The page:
Ariadne Analysis: What people regionally think about climate protection – Knowledge

In order to achieve the climate protection goals, Germany must be rebuilt on a large scale. In concrete terms, it is about wind turbines in front of the window, new cycle paths on the way to work, solar systems, the phase-out of coal, the CO₂ tax or the speed limit. The approval or rejection of comprehensive climate protection measures is crucial for the success of the transformation, also because politicians are strongly oriented towards what they think people are thinking. The so-called electoral will is often an opaque thing, distorted by a wide variety of voices and constantly changing, which is why it is all the more important to take a scientific look at it.

This is exactly what researchers of the Kopernikus projects (energy research projects of the Federal Ministry of Education and Research) have now done. For their analysis based on two panel surveys conducted nationwide in the years 2017 to 2021, they estimated the approval of the population for 26 different climate protection measures at the regional level. Clear geographic and temporal differences became visible. And what the research calls “pluralistic ignorance”: The scientifically proven phenomenonthat communities often have a misconception about how others think or behave.

“Our ongoing analyzes confirm that citizens clearly underestimate the general approval of climate protection measures in the German population,” explains Ingo Wolf from the Research Institute for Sustainability RIFS, one of the authors of the analysis.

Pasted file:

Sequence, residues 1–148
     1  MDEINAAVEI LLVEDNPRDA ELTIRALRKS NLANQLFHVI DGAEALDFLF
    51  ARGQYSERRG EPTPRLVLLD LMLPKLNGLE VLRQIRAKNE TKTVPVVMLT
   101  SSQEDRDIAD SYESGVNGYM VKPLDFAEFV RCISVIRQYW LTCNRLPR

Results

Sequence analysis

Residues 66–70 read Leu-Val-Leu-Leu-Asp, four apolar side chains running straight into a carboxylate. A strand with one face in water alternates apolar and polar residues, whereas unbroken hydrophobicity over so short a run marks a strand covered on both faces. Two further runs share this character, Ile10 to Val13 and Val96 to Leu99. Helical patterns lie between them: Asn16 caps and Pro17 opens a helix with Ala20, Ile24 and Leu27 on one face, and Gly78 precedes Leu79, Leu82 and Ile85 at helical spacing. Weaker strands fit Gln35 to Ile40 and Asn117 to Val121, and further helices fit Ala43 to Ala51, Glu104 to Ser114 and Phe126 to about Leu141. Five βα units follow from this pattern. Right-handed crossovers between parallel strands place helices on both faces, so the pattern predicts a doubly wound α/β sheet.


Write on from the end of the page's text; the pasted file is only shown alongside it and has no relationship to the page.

There are differences between East and West and between town and country

According to the analysis, the regional differences in approval of climate protection measures are significant, sometimes varying by up to 60 percentage points. Above all, attitudes differ between urban and rural populations. Broadly speaking, city dwellers are more positive about the measures than people in rural circles. There are also differences between East and West Germany: Overall, people in the West are more in favor of climate protection measures than people in the East, which can be attributed primarily to structural differences. For example, while in a coal-distant city like Tübingen, 93 percentage points approve of the coal phase-out, in the former coal city of Cottbus it is only 31.

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However, Ingo Wolf warns against reading the results as a simple East-West or urban-rural conflict: “The regional differentiation shows great heterogeneity. We see, for example, that approval in regions where wind turbines or solar systems have been expanded , is growing disproportionately over time – while public opinion on other measures such as the coal phase-out has become highly polarized over the years, depending on the region.” The questions about what personal, but above all collective consequences the transformation has for the people on site must be considered specifically in each case and cannot be overestimated politically when developing possible solutions.